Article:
My anticipated uses:

  • EnsureCreated for on the fly DB creation on devices (e.g. phones)
  • EnsureCreated for integration testing when I’m pointing to a unique testing-only database.
  • Migrate for integration testing when my tests involve a test database that uses migrations. I think this will be rare and this is what I wanted for my conference demo.
  • Migrate for, as Rowan suggests, Migrating a db on app startup. This could be for example, client apps (ala WPF) or web sites you’ve deployed to Azure.

Keep in mind that these demos where Migrate made more sense, are demos I am using to help people understand how EF7 works, not to demonstrate how to build tests when employing Entity Framework in your application. So some of the things I am doing are not necessarily how I would use tests when building software.

Getting Started with EF6 Course on Pluralsight


You may think you read that title wrong. Does she mean EF7? No, I actually invested some time into creating a new Getting Started with EF6 course even though EF6 was released about 18 months ago. When EF6 was released, most of what changed since EF5 was the advanced features and usage. I did a course called “EF6 Ninja Edition: What’s New in Entity Framework 6” specifically to cover those additions/improvements. But for the “toes in the water” first look at EF, not much had changed between EF5 and EF6 so the Getting Started with EF5 course remained pretty relevant.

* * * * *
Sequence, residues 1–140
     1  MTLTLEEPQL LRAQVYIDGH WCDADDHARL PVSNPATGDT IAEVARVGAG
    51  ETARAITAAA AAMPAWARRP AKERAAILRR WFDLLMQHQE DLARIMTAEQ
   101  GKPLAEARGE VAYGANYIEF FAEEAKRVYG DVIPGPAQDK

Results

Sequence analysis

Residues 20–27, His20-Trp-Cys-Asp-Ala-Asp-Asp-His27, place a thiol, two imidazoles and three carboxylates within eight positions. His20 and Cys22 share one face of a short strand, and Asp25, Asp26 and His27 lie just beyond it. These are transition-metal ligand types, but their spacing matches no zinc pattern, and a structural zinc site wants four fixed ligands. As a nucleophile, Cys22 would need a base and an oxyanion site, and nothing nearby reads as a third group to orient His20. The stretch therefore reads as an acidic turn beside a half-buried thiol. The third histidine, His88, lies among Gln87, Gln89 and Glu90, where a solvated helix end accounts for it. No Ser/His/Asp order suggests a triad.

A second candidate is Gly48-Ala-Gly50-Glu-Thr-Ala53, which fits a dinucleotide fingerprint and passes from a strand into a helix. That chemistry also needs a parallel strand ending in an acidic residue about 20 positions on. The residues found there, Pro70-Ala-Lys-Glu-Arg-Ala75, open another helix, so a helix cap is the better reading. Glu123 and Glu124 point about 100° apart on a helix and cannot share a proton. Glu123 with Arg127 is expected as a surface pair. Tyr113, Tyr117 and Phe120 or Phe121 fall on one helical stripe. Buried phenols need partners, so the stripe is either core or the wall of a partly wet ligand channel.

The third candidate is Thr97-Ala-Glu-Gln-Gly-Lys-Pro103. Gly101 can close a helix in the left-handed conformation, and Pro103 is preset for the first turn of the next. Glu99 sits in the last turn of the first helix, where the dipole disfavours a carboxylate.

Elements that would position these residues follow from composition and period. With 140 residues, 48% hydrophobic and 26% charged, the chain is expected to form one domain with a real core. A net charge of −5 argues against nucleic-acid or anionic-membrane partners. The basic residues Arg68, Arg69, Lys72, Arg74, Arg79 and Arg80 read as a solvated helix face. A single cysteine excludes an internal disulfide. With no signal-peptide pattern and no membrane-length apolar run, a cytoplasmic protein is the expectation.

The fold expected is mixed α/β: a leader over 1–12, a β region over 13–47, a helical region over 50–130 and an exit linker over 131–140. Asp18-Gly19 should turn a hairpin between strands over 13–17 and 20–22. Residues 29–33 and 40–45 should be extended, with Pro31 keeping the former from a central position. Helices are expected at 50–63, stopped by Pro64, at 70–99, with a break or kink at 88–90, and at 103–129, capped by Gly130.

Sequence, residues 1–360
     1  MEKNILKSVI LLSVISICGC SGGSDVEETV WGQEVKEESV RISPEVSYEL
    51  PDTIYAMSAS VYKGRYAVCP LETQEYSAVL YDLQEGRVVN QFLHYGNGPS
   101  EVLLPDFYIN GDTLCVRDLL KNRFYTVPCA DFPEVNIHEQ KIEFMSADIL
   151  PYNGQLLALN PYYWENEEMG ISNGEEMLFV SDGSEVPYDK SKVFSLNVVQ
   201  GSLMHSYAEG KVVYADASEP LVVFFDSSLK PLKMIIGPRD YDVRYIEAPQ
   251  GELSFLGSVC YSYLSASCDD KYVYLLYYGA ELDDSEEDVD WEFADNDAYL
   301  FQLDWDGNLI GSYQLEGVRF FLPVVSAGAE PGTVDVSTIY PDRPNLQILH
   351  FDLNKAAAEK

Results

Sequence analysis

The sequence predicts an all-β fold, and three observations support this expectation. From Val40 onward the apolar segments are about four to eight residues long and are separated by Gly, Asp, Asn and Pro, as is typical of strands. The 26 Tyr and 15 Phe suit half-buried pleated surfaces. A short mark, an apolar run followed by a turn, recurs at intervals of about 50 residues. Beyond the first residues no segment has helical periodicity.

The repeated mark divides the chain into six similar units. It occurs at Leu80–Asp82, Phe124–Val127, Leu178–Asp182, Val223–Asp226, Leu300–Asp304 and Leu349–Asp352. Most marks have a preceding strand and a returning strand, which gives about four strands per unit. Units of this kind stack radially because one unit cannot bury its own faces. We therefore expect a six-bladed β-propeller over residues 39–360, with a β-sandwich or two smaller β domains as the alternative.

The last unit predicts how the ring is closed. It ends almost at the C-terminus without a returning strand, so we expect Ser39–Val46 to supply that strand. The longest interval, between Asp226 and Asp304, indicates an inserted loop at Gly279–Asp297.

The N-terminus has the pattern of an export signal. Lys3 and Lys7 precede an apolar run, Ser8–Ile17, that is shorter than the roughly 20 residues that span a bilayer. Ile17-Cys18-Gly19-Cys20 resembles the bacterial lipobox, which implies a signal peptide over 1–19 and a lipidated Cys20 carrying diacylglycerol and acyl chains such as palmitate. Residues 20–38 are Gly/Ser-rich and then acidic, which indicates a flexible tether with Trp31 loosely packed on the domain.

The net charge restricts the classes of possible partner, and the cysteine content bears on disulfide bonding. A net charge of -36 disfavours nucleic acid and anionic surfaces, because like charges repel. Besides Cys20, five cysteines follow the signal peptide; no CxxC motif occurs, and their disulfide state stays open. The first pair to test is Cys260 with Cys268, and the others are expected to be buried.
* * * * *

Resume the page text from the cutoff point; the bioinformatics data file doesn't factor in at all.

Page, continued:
Watch Getting Started with Entity Framework 6

So why Getting Started with EF6 now, when EF7 seems to be around the corner? Well, EF7 is still going to be a while. Even though a “Beta 6” was announced recently, the team has said in a significant way that EF7 Beta 6 is still “very much a preview” of EF7. A pre-release of EF7 is expected in early 2016 along with the release of ASPNET5. But the RTM of EF7 is still further off than that date. And even then, not everyone will be using EF7 right away.

So EF6 will be around for a long time and I decided that it was useful to have a course that addressed Getting Started with EF6 directly including using the latest version of Visual Studio – VS2015.

The first module is an overview which is designed for not just developers but even your managers who may want to have a better understanding of what EF is and how it fits into your overall plans.

I am also committed to creating two more EF6 courses for Pluralsight — also for the sake of being long-term resources. These will consolidate information in the various courses I’ve created about EF3.5 – 6 over the years. One will be an EF6 Fundamentals and the other will be Advanced EF6.

In the meantime, I’ll be updating the “Looking Ahead to EF7” course to reflect the Beta 6 since things have evolved since Beta 3 when I did that course.